I'm a big fan of getting out and seeing the sky. There's just something about finding ways to reconnect with the universe that helps put perspective into things. looking at the constellations and trying to trace out shapes is just something primal. and of course its fun to have someone along to share the experience with

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Tonight, the skies are going to give us an incredible treat. It just so happens to be peak viewing for the Lyrid Meteor Shower. The event technically continues through April 30th however with the Moon becoming more full in the next few days it may no longer be possible to view it as the moon will set later and later in the night making the sky too bright to view. So how do we get Lyrids?

Meet Comet Thatcher

Comet Neowise Visible In Southern California
Getty Images

Comet Thatcher, like Neowise shown above is one of the many non planetary objects that orbit around in our solar system and when the Earth passes through its debris trail we start to get some of its remnants that safely burn up in our atmosphere as meteors and fireballs. It happens to be a regularly occurring visitor that we see every 415 years and the last visit was back in the mid 1800's. but we pass through its debris trail every spring about this time.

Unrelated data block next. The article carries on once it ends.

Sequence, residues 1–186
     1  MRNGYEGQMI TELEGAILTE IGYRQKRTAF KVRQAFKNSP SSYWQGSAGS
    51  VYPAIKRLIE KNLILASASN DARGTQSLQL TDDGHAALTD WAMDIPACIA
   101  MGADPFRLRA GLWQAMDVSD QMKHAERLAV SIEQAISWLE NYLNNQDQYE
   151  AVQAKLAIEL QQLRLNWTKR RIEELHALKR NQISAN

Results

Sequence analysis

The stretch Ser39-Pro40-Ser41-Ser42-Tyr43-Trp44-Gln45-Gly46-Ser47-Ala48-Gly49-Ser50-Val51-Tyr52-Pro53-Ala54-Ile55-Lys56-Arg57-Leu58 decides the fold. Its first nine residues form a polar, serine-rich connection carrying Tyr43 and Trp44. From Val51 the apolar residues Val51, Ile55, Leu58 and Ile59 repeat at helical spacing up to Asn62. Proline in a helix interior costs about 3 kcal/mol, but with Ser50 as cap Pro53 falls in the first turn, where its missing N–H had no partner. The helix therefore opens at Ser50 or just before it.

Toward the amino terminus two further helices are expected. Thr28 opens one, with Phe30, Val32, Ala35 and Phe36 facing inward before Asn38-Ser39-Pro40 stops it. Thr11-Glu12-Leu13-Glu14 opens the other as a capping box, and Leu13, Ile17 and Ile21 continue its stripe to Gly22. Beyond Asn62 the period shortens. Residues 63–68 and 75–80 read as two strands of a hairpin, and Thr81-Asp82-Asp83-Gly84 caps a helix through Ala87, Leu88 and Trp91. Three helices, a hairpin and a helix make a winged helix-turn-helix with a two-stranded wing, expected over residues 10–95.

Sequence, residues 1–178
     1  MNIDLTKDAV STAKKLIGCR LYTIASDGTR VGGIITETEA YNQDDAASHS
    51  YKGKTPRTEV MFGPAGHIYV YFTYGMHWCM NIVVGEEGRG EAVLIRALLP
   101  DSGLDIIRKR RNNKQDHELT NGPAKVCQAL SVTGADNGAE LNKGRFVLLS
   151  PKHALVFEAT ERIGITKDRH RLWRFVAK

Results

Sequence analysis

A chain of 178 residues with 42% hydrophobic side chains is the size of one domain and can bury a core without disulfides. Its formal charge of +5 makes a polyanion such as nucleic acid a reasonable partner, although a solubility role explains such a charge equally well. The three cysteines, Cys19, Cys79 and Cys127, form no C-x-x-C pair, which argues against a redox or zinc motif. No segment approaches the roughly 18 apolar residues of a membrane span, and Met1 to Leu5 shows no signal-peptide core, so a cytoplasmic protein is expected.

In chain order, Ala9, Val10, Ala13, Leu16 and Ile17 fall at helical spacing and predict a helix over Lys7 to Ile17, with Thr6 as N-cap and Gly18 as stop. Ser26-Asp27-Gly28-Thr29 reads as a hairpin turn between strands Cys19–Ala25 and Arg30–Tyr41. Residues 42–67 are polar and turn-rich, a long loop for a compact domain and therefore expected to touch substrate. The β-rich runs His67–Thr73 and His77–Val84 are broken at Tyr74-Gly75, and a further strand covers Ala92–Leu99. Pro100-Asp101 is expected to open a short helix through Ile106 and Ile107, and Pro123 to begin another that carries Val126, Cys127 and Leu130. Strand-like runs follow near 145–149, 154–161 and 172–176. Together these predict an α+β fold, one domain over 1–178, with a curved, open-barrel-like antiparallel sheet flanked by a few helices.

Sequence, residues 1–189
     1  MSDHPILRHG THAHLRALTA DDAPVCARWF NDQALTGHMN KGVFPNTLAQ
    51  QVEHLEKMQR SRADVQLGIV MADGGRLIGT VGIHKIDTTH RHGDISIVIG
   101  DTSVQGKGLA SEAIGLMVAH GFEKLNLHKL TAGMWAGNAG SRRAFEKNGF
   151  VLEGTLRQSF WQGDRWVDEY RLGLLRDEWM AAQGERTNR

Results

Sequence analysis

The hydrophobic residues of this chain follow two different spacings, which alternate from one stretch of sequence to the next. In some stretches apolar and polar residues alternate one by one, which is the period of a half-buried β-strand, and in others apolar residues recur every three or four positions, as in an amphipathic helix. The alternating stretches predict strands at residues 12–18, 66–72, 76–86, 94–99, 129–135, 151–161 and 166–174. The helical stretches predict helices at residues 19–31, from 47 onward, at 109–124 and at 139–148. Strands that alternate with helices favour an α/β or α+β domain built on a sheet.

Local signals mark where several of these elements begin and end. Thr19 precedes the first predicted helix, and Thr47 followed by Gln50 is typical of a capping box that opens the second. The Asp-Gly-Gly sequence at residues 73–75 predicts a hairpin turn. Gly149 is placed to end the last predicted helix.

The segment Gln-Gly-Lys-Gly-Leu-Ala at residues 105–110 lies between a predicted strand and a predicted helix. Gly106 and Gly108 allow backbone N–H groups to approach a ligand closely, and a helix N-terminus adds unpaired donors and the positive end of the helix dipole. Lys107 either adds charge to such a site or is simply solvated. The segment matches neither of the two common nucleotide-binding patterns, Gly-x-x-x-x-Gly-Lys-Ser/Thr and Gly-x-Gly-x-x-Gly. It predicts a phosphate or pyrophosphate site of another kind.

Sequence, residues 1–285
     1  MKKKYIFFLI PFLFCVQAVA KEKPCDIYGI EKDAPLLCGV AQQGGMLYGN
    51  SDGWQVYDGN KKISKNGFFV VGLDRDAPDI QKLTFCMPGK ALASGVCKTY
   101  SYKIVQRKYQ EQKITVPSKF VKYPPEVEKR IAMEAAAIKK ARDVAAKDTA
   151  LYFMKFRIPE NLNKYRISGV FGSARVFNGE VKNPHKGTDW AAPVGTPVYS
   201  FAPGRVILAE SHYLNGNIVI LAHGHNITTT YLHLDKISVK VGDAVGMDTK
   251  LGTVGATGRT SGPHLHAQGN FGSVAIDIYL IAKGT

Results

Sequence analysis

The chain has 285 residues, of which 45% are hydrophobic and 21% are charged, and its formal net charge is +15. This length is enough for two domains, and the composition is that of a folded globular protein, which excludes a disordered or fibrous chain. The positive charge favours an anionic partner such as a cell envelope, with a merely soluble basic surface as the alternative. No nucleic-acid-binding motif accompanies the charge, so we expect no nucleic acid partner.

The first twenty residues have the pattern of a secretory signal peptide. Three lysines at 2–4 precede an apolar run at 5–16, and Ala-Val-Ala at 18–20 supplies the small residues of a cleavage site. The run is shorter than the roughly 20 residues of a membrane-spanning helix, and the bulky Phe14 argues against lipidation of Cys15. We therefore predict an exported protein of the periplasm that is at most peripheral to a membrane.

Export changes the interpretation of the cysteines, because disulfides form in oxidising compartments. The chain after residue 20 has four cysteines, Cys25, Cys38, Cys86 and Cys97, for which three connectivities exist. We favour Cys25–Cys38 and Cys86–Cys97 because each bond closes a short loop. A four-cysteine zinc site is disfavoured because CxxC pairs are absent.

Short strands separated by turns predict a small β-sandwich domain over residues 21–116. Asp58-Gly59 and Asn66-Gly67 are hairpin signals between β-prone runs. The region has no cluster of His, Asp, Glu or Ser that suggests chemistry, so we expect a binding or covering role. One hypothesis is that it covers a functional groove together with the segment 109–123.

Where and When to Look

If you want to see this celestial light show you need to stay up late, or get up early.  We're talking roughly 4:00 to 5:00 in the morning the next two days. Basically after the Moon has set. The best viewing will be in the northeastern skies near the constellation Draco. If you need help here's a handy site to give you a little guidance.

Here in Amarillo viewing might be a little rough with the light pollution but you might see the bigger meteors. Luckily you don't need to get too far. I've got a couple of spots I can recommend

Michael J. Rivera
Michael J. Rivera

State Highway 207 passes through Palo Duro Canyon. As you make your way down that portion of road there is plenty of Dark Sky there and as you can see there's some good view of the sky. Another spot is along State Highway 256 just north of Caprock Canyon State Park.

Michael J. Rivera
Michael J. Rivera

Dress warm if you do get out there! We're expecting lows in the mid 30s tonight and if you do manage to get out there give yourself about 20 minutes to get used to the low light.

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